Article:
Tuesday, February 10, 2004

Why have one architecture anyway?

I just read a white paper about an agile approach to a legacy system (prompted by StranglerApplication by Martin Fowler). The team developed an application that started by delivering a small bit of needed functionality to address a problem with a legacy system. They integrated at the database level. This small offshoot from the legacy application then grew and grew. The success stems from not trying to re-write the existing system, but to implement business value specified by real users. The legacy system was always left running, but people just stopped using it as a compelling alternative was available.

Semco have no policies. This means that every team are open to do their job however they want. As long as the goals are achieved, who cares how you got there. By allowing variation in the approach taken, people are open to try things and see if they work. This reminds me of how evolution works. Mutate the best known solutions and see if they perform any better than their parents.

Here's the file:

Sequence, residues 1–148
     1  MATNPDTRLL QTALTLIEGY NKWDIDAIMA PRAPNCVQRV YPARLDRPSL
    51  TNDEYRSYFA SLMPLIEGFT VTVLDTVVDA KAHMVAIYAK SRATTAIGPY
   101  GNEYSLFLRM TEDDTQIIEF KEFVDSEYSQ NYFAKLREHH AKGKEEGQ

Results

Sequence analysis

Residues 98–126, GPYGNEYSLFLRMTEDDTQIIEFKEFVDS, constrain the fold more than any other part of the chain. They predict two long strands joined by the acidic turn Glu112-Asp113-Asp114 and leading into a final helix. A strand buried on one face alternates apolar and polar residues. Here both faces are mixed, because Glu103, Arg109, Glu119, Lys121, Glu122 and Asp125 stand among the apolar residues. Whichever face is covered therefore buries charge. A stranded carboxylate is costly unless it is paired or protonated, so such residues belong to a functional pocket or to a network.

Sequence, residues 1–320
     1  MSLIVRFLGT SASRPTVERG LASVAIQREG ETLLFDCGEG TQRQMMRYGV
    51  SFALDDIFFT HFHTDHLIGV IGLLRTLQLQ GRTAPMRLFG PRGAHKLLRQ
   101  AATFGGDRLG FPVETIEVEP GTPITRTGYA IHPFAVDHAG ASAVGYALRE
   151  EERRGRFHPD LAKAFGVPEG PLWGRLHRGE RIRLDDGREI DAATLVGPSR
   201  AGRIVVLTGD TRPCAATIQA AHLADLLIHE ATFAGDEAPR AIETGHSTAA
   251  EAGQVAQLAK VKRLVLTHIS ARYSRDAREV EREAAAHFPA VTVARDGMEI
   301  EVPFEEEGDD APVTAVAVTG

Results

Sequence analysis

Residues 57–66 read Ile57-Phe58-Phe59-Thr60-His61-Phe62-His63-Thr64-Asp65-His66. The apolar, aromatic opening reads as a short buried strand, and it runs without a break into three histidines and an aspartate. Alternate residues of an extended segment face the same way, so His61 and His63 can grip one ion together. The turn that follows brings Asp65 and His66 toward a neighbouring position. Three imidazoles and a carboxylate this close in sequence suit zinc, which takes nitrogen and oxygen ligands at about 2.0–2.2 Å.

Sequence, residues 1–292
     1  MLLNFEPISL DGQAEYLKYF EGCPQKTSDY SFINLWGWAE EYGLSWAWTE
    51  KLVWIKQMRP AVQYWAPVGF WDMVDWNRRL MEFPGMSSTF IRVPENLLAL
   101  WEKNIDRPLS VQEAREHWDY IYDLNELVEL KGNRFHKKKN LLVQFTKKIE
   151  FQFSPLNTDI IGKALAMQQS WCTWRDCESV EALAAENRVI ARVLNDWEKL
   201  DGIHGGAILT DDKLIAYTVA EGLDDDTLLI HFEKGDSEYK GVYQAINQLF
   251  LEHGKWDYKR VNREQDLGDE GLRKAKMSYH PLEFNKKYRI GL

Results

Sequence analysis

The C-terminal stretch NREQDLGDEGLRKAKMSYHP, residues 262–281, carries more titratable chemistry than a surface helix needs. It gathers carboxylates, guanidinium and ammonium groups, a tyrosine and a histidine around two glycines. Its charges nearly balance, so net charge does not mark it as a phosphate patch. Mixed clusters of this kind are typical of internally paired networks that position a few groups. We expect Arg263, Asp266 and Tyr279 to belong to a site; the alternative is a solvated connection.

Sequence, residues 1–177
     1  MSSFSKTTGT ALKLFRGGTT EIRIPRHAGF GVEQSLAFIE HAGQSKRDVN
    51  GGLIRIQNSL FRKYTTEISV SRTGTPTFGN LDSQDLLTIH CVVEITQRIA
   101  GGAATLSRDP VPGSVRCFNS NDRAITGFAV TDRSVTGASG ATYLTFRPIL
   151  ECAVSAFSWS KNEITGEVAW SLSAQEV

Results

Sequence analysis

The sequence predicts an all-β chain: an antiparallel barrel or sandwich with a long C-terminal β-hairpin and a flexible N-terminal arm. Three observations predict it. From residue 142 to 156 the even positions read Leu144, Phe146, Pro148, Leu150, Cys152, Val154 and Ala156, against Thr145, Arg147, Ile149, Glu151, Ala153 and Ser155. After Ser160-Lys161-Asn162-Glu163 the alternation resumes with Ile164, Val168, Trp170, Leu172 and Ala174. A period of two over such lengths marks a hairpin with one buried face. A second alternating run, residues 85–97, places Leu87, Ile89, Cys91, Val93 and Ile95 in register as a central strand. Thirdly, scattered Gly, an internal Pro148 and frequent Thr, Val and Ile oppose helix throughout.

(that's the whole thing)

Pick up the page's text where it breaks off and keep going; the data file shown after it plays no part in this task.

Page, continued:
Why can't architecture be like this? We have several teams at work all blocked waiting for the ultimate 'architecture' to be put in place to allow us to develop. What is the worst thing that could happen if each team developed their application differently? They may have incompatible architectures! So? as long as they integrate with each other, and present themselves to the customer with a very similar interface, who cares if they are different?

I believe that through inter-team communication you would find that teams would start to cross pollinate ideas and so end up with much better solutions that any would have come up with alone. It would definitely allow us to start development, and not sit around wondering if the current proposition is the best solution.

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